What you do need to know, quite rigorous, is that you can't be casual about the word "number." The word always implies all categories of numbers: positive, negative, and zero; integer, fractions, and decimals.

Does all this make sense? Mike

Yes!! Thanks for your reply.

Also may I ask (kind of a basic question), the difference between counting nos. and whole nos. is zero (0). Counting nos. do not include zero but we can say that there are zero files in this box, then why do we keep it out of natural nos. ?

Why the list is called whole numbers when we include zero in it ?

I know they are kind of very basic questions and I don't need to go in that much depth but this is kind of interesting as well as confusing and it would be great if you could clear this confusion.

Also may I ask (kind of a basic question), the difference between counting nos. and whole nos. is zero (0). Counting nos. do not include zero but we can say that there are zero files in this box, then why do we keep it out of natural nos. ?

Why the list is called whole numbers when we include zero in it ?

I know they are kind of very basic questions and I don't need to go in that much depth but this is kind of interesting as well as confusing and it would be great if you could clear this confusion.

Great questions! First of all, as I am sure you understand, these questions and the answers I will give have ZERO to do with the GMAT. While these are wonderful things to explore, they absolutely will not appear on the GMAT.

The term "counting numbers" is a more colloquial, non-technical name. The official mathematical name is the natural numbers. These are the numbers found in Nature. I can show you two trees, or seven birds, etc., but I can't show you zero of anything. Zero of something is a human imagination: it's not something we actually find in our sensory experience of the natural world. It's funny. In a poem entitled "Snow Man," the poet Wallace Stevens talks about someone who "beholds nothing that is not there and the nothing that is." Beholding "nothing" is a poetic idea.

Even with the idea of counting---I can count to 1 or 2 or any counting number, but can I really "count" to zero? Does "counting to zero" really mean the same thing as ordinary counting? Is apprehending a presence the same as conceptualizing an absence?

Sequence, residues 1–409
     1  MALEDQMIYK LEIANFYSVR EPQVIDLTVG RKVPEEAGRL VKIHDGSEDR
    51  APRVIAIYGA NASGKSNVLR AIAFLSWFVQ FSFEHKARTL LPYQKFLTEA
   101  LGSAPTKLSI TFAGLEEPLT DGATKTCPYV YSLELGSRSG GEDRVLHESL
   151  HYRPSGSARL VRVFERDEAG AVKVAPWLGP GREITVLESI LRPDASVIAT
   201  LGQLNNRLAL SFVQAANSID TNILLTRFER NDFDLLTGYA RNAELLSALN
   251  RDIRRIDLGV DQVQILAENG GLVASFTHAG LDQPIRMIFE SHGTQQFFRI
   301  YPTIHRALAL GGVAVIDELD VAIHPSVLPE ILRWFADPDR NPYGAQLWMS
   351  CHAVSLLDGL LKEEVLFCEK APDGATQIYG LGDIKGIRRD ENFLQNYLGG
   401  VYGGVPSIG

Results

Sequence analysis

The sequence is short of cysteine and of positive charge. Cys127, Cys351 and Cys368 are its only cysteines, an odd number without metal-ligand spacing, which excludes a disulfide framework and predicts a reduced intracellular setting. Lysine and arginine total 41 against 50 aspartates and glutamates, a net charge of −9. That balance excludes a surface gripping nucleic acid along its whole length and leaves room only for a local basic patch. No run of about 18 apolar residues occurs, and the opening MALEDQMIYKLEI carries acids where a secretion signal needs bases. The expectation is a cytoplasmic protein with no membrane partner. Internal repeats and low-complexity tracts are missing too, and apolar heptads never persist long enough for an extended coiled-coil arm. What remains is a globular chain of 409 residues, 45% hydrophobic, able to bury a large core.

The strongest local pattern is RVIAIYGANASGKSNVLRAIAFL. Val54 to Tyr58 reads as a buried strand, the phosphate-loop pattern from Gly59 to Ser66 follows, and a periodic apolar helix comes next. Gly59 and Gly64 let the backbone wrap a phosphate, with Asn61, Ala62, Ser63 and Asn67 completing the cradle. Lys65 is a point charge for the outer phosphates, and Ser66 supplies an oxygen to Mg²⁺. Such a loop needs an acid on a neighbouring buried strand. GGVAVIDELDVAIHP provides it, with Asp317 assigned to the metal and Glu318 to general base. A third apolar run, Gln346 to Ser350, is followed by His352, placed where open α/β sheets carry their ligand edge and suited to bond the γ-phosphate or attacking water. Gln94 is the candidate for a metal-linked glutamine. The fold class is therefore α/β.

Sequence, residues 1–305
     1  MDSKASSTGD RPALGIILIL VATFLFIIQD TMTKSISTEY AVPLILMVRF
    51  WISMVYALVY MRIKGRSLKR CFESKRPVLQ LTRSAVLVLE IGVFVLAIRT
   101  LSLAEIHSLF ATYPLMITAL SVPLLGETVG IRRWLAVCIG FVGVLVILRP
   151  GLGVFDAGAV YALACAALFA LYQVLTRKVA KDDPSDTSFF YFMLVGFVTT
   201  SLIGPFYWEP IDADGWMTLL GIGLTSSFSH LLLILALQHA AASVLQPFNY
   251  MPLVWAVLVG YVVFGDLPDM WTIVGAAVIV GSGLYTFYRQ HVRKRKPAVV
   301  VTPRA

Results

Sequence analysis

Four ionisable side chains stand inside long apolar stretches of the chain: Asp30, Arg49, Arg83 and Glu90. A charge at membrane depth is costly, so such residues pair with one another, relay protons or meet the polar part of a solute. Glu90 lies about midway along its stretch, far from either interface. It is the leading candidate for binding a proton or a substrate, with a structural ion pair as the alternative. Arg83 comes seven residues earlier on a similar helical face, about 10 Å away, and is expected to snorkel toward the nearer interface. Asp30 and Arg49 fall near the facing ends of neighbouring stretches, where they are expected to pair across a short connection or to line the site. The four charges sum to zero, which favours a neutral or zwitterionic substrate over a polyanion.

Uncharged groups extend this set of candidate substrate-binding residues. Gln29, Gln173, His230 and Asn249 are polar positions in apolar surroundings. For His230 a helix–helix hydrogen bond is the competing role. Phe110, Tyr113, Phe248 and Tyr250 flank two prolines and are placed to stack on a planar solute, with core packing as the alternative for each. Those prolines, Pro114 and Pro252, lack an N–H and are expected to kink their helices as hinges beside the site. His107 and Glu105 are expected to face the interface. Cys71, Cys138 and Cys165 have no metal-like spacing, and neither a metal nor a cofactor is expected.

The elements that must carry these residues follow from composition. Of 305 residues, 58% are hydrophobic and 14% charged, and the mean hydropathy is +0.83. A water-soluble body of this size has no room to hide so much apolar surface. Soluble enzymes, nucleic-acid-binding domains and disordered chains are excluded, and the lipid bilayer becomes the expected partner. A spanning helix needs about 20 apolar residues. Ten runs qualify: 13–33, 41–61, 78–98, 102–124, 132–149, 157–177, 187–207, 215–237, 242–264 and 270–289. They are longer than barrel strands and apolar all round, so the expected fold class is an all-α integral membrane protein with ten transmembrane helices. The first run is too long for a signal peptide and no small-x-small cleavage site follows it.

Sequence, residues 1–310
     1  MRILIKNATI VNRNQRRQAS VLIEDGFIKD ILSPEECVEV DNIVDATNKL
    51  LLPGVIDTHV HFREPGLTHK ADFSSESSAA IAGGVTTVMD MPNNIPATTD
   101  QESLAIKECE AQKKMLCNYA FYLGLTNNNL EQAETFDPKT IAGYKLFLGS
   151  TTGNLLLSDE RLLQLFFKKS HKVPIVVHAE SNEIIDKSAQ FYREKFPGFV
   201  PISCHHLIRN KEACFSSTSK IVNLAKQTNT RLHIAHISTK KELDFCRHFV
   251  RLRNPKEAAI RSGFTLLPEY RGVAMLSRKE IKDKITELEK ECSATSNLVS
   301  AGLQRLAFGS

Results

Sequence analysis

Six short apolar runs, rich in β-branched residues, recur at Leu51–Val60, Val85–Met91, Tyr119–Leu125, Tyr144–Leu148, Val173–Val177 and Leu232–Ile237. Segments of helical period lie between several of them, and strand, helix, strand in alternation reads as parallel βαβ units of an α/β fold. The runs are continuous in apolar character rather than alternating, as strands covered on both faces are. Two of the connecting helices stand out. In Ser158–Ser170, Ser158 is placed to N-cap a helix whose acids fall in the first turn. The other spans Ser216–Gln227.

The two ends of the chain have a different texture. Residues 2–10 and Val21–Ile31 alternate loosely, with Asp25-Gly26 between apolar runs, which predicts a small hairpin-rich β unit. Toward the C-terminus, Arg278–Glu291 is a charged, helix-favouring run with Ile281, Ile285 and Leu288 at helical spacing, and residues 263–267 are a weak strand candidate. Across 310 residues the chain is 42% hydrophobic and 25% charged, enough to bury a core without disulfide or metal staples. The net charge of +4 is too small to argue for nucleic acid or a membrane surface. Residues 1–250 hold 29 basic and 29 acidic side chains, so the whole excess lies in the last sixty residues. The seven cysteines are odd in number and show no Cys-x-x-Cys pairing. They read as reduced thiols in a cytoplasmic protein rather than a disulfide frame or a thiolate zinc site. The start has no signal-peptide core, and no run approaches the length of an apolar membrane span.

Notice that we are getting into some Zen territory here! The Baso said: "If you have a staff, I will give it to you. If you have no staff, I will take it away from you." We could debate for days about the existence or non-existence of zero or nothingness!

Now, as for the term "whole numbers," a set that includes zero--I believe it means "whole" as in "undivided." Each counting number is a whole, undivided thing. There are not fractions or pieces or parts involved when we have a counting number. Much in the same way, when we are dealing with the number zero, there are no extra pieces or fractional parts lying around. In that sense, there is a undivided wholeness to zero as exists for natural numbers.

Of course, we are on tricky ground with that thought, because if zero is undivided, why isn't -3? We get around this by using a Latin word. The word "integer" comes from the Latin word for "wholeness"--from this root, we also get the English word "integrity," a word for a person whose words & actions are aligned with his wholeness. It's unclear whether these two names, "whole numbers" and "integers" are 100% justified, but the sets are meaningfully different, and we need some words for them. Language is funny: it's never 100% logical.

Historically, the ancient Greeks were totally aware that positive fractions and even irrational numbers were numbers. It was the Pythagorean school that proved that \(\sqrt{2}\) was irrational. It took centuries in the middle ages for zero to be accepted as a number, and after that, it took a while for negative numbers to be fully accepted. By the time of Rene Descartes, the man who designed the x-y plane, the mathematical community was pretty much comfortable with all the real numbers. Then, it took mathematicians longer to accept the idea of imaginary numbers and complex numbers, but even those are 100% accepted as numbers now, along with some far more exotic beasts.

All fascinating stuff, and absolute none of this do you need to know for the GMAT!

Does all this make sense? Mike
_________________

Mike McGarry Magoosh Test Prep

Education is not the filling of a pail, but the lighting of a fire. — William Butler Yeats (1865 – 1939)